Another major drawback is that teaching in schools today is largely influenced by public examinations. Teachers teach to prepare students for exams and not for life. As such, many of our students are ill-prepared to face the challenges of the real world. This also goes against the grain of our National Philosophy of Education where the emphasis is on character building and the development of human capital. All parties involved are to be blamed for this as they are more concerned with student achievement and not student development. At the end of the day, parents want straight A’s for their children, principals want excellent performances from their students and teachers, and the list goes on.

    Finally, in their quest for excellent academic results, school becomes a bore and a chore. Students are overwhelmed with homework, extra classes and tuition, and teachers are overworked, leaving both parties with little or no time for relaxation. Thus, it is not surprising that students choose to ignore co-curricular activities. They see these as a waste of precious time. Parents, too, are affected by the emphasis on academic achievement. Some go to great lengths to secure private tuition for their children, hiring only the best. Thus, we can conclude that public exams take the fun out of learning.

    We cannot deny the fact that public examinations enable us to assess thousands of students using a similar instrument but the question one needs to ask is who eventually benefits from such a system? What happens to students who are not able to master test-taking skills? Is academic excellence the only indicator of success as suggested by the public examination system?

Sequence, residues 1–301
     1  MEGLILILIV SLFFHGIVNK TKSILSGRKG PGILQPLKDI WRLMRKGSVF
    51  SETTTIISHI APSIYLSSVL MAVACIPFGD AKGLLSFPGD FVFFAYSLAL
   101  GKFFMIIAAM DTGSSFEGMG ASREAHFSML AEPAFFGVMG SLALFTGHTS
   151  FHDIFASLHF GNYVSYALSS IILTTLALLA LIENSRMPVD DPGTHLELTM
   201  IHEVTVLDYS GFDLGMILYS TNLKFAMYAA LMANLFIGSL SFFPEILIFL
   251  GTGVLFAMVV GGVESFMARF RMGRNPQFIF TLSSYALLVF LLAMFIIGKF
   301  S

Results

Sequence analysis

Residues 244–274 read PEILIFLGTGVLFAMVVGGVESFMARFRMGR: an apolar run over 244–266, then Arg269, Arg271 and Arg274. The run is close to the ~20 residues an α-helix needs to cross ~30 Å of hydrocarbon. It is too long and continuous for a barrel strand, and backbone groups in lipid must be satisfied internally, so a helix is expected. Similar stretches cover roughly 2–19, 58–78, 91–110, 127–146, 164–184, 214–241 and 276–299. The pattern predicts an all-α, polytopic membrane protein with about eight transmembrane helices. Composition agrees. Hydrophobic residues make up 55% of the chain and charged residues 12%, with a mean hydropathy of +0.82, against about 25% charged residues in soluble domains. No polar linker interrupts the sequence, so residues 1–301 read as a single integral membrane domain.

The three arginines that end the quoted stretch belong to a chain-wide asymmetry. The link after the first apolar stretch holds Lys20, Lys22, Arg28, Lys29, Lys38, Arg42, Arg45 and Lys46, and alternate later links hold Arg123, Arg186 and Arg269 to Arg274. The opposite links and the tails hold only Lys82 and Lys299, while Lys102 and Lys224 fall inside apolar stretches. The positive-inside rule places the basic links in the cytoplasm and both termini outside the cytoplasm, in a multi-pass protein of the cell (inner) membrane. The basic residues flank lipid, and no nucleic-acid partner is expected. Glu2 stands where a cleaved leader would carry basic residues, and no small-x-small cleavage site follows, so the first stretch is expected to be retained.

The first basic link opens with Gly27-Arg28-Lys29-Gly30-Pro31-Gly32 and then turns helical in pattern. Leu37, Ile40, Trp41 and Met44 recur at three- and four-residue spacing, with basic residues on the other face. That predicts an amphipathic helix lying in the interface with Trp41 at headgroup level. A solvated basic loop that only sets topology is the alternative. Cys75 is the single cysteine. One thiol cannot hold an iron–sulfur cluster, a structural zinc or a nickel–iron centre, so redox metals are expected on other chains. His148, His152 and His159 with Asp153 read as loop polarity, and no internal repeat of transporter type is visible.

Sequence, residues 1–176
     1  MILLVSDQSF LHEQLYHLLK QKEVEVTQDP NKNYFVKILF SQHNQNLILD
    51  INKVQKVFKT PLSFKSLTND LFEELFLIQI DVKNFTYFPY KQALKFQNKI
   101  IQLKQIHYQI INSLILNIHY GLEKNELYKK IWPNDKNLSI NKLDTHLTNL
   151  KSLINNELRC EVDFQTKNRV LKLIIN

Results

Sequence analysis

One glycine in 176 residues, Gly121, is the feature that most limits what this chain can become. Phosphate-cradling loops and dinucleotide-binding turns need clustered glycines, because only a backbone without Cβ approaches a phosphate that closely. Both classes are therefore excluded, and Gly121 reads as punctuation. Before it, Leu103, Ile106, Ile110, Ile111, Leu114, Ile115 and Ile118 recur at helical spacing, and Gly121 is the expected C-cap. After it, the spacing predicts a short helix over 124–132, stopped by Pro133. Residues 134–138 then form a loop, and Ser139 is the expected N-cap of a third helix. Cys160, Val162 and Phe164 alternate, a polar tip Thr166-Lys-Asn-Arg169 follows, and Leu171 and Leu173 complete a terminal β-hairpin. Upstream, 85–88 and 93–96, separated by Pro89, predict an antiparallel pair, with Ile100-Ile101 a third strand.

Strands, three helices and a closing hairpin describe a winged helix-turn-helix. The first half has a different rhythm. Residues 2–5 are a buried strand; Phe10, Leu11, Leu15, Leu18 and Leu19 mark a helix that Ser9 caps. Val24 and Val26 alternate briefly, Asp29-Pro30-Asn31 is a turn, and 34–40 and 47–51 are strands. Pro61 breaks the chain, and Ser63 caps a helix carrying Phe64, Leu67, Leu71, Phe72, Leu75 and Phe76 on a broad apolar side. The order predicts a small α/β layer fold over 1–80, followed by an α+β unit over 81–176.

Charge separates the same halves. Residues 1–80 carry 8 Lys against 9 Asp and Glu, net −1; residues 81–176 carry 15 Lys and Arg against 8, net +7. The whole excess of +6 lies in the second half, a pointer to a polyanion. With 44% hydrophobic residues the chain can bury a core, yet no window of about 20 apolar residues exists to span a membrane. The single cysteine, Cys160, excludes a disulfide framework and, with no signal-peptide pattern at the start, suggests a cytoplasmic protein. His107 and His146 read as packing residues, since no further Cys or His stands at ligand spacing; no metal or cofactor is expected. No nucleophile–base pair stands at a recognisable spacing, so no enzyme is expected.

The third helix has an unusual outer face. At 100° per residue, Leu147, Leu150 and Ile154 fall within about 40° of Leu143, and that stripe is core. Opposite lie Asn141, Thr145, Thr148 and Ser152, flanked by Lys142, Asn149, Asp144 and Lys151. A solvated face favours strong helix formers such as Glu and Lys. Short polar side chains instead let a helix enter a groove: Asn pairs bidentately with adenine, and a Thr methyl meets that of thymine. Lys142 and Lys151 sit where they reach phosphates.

In a world which is changing rapidly, we need to prepare our students for the many challenges they will have to face as they will form the backbone of our nation in the years to come. Taking into consideration the flaws of the public exam system, it is clear that we should seriously consider other means of assessing students and do away with public exams.

    The above essay is convincing because the writer has presented and argued his case well.

    He gives four reasons why public examinations should be abolished (they merely test a student’s ability to memorise and regurgitate facts, they are not the best way to identify a student’s strengths or weaknesses, teaching in schools is largely influenced by public examinations, and school becomes boring because of the emphasis on public exams) and each argument is well supported.

    Look also at how he begins each paragraph (To begin with, Another reason, Another major drawback, Finally). These transition markers help readers follow the direction of the writer’s thoughts. The direct and formal manner used also add to the overall effect of this piece.

    One-word essay
    The one-word essay is quite manageable as it allows you to decide which essay type you are going to write about. Take the topic “Floods”. If you choose to write an expository essay, you can write about the causes and effects of floods; if you choose to write a narrative essay, you can narrate a story related to floods; and if you choose to write a descriptive essay, you can focus on describing floods.